According to many experts, early diagnosis and management are critical for slowing the spread of SARS-CoV-2, the new coronavirus that causes COVID-19. Therefore, the race is on to develop diagnostic tests for the virus that are faster, easier, and more accurate than existing ones.
Now, researchers reporting in ACS Nano have developed a field-effect transistor-based biosensor that detects SARS-CoV-2 in nasopharyngeal swabs from patients with COVID-19, in less than one minute.
Currently, most diagnostic tests for COVID-19 rely on a technique called real-time reverse transcription-polymerase chain reaction (RT-PCR), which amplifies SARS-CoV-2 RNA from patient swabs so that tiny amounts of the virus can be detected. However, the method takes at least 3 hours, including a step to prepare the viral RNA for analysis.
Edmond Changkyun Park, Seung Il Kim, and colleagues wanted to develop a faster diagnostic test that could analyze patient samples directly from a tube of buffer containing the swabs, without any sample preparation steps.
An artist’s rendering above shows a new test that quickly detects SARS-CoV-2 (spheres) through binding to antibodies (Y-shapes) on a field-effect transistor.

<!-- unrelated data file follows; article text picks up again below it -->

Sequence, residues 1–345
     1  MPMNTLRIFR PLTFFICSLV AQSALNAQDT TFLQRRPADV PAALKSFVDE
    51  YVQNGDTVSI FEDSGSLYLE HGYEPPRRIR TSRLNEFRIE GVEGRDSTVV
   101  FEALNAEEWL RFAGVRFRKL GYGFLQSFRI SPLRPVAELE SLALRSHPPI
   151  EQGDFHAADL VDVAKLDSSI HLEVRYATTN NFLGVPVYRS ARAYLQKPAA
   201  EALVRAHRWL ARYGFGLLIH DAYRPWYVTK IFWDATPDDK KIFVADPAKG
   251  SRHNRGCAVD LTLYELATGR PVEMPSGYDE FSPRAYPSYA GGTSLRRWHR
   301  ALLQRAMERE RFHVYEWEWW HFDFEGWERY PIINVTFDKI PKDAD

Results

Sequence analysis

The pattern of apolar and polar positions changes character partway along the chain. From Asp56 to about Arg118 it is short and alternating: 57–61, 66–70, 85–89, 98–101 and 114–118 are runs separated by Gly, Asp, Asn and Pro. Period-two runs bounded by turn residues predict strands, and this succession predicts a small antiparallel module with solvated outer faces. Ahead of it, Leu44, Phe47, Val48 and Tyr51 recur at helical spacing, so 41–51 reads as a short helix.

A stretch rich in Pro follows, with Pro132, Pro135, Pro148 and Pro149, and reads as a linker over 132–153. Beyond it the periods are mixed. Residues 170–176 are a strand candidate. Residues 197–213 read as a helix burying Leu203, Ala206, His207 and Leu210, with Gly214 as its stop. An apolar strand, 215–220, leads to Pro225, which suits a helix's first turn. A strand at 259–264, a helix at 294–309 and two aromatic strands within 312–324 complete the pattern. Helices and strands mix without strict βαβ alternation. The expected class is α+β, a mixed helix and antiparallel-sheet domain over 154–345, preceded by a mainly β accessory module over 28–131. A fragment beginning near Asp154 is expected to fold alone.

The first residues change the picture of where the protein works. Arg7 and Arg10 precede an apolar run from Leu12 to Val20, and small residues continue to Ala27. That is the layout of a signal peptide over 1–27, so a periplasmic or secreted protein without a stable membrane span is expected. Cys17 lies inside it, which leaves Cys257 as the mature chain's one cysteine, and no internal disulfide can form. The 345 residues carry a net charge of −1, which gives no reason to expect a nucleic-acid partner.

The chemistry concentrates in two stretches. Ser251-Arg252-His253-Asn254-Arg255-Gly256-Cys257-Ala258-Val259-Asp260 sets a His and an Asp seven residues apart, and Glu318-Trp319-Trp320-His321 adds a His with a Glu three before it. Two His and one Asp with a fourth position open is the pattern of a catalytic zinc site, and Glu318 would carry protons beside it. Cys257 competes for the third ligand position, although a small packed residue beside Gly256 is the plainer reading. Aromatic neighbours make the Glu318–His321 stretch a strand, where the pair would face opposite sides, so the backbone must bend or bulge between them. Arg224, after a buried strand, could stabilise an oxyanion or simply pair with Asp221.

The team based their test on a field-effect transistor—a sheet of graphene with high electronic conductivity. The researchers attached antibodies against the SARS-CoV-2 spike protein to the graphene. When they added either purified spike protein or cultured SARS-CoV-2 virus to the sensor, binding to the antibody caused a change in the electrical current.
Next, the team tested the technique on nasopharyngeal swabs collected from patients with COVID-19 or healthy controls. Without any sample preparation, the sensor could discriminate between samples from sick and healthy patients. The new test was about 2-4 times less sensitive than RT-PCR, but different materials could be explored to improve the signal-to-noise ratio, the researchers say.
Read the original article on American Chemical Society.